One thing that was handled really well was the atmosphere. Atmosphere was one of the biggest and best parts of the book, and the movie captured it thoroughly. Ugly, nondescript buildings; dark little back rooms absolutely choked with cigarette smoke, gentlemen in expensive, seventies-era suits and leather gloves, drippy gray London afternoons,  sad, sporadic piano music. It was perfect.
Casting, more than anything, is make-or-break with book-to-movie, and in this case, was fantastic. I thought Toby Jones as slimy Percy Alleline would be over-the-top (think: The Dream Lord), but it wasn't. After loving Tom Hardy's Heathcliff in a Masterpiece Classics Wuthering Heights, I did not expect to like his Ricki Tarr, but I did. Loved it, actually, it was like watching a completely different actor, which is impressive. Gary Oldman played George Smiley as cold and reserved and thoroughly competent, but still with the tired and hurting undercurrents from the book. And Colin Firth as the suave, charming, down-to-earth Bill Haydon was nothing short of inspired.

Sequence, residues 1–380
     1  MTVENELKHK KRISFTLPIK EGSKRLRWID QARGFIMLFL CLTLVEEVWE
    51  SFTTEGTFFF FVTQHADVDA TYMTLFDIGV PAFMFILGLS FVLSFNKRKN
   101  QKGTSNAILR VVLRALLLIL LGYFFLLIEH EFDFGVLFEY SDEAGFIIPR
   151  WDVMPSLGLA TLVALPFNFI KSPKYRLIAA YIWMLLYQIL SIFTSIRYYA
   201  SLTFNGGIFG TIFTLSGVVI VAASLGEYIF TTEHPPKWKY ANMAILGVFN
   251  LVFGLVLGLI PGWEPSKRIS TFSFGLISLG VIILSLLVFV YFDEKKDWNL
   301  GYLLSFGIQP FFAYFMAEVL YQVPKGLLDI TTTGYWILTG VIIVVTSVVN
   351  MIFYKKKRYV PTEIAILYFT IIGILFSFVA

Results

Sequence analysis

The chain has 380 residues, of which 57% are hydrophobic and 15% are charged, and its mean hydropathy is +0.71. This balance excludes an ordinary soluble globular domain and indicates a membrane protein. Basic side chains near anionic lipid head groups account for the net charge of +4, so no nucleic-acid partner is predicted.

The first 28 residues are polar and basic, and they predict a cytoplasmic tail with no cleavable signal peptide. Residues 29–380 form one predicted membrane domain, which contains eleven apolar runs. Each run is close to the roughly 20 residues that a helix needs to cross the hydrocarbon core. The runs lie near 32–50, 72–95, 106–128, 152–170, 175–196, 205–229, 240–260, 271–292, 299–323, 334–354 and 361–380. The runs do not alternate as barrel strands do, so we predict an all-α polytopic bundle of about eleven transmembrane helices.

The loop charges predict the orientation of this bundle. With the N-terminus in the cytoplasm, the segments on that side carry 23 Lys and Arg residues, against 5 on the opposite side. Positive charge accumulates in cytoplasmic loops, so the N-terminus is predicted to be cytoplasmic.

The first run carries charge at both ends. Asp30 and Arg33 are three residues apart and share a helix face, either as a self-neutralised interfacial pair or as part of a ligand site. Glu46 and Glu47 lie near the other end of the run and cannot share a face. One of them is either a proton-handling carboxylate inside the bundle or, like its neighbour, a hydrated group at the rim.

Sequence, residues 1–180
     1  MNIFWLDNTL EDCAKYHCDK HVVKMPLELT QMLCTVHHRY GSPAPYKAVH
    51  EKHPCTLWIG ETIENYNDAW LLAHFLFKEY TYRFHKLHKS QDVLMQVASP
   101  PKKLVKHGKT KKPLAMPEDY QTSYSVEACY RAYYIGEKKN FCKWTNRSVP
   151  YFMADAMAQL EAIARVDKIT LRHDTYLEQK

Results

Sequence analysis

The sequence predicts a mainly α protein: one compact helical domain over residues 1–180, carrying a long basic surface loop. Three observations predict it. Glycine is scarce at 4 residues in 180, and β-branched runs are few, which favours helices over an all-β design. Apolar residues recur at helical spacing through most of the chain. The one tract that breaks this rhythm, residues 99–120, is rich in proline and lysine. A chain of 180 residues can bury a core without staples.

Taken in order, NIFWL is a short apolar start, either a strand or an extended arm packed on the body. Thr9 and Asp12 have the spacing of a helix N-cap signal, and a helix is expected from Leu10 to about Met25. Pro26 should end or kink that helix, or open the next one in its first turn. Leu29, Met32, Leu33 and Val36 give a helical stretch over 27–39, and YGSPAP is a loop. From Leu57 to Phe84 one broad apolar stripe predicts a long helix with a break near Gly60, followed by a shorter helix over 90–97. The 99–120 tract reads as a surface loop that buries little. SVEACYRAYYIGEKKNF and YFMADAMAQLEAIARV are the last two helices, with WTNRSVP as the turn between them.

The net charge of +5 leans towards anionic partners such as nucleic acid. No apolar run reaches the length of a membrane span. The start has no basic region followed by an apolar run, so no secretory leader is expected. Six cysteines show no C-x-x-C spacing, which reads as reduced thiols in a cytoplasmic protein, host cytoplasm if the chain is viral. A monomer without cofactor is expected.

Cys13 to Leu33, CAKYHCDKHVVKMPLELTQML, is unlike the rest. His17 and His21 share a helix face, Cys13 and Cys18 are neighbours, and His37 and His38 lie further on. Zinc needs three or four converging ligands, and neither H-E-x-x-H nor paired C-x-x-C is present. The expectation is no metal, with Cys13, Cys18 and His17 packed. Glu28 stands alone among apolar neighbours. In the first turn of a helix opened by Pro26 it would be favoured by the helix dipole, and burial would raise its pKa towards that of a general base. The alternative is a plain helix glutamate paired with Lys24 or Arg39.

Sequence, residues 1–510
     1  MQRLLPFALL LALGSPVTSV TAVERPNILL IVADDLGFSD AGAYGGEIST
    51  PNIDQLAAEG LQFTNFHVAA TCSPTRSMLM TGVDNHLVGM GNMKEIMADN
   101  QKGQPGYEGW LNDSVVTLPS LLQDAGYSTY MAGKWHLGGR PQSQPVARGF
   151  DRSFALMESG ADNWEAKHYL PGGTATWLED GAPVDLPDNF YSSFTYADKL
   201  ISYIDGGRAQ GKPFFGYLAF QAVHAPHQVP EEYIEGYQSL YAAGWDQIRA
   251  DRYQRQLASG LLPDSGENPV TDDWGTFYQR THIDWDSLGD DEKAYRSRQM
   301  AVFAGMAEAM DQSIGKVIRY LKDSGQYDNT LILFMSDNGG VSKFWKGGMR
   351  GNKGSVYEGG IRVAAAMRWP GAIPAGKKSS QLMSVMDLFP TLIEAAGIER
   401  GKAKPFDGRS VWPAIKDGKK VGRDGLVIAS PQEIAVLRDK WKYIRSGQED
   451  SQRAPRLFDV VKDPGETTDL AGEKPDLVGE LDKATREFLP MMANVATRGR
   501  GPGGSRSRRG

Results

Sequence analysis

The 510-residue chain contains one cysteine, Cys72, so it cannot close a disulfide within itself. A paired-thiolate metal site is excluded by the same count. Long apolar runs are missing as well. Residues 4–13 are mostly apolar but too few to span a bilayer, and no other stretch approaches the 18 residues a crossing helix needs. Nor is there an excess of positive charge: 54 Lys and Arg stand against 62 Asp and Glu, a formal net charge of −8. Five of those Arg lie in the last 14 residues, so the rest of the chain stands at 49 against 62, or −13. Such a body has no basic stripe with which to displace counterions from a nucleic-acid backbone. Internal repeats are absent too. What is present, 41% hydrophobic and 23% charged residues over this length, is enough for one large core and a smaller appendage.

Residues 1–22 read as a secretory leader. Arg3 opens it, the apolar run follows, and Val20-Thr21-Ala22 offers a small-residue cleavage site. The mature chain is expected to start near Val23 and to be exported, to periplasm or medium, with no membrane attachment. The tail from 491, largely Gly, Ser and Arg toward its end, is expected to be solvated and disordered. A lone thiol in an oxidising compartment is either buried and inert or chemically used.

The same kind of inspired the casting of Benedict Cumberbatch for Peter Guillam could have been, if Guillam's character hadn't been, well, shrunk. In the book, he has a couple of really great scenes, scenes where his complexity really comes through. He drives a sports car, and he's young and dashing, which becomes something that Smiley envies. And yet, under the cool exterior he's tortured. He's hitting a bit of a mid-life crises, and he's scared, and he's doubting himself and questioning his actions. And his Camilla, many years his junior and probably not being faithful to him, keeps him distracted and injured. But no. His scenes were trimmed back and scaled down, his part was simplified, and his all-pervading girlfriend was replaced with a one-scene boyfriend. Not that that's the part that bothered me the worst, it wasn't just that I don't want to see my favorite actor play gay. If that was the character, if that was the challenge, then so be it. But that wasn't the character. Mr. Cumberbatch was thoroughly capable of making Guillam everything he was in the book, but I don't think he was given the chance. And depth in characterization is one thing that this movie could not afford to sacrifice. Or maybe I'm just grouchy because my favorite character in the book was not as cool in the movie.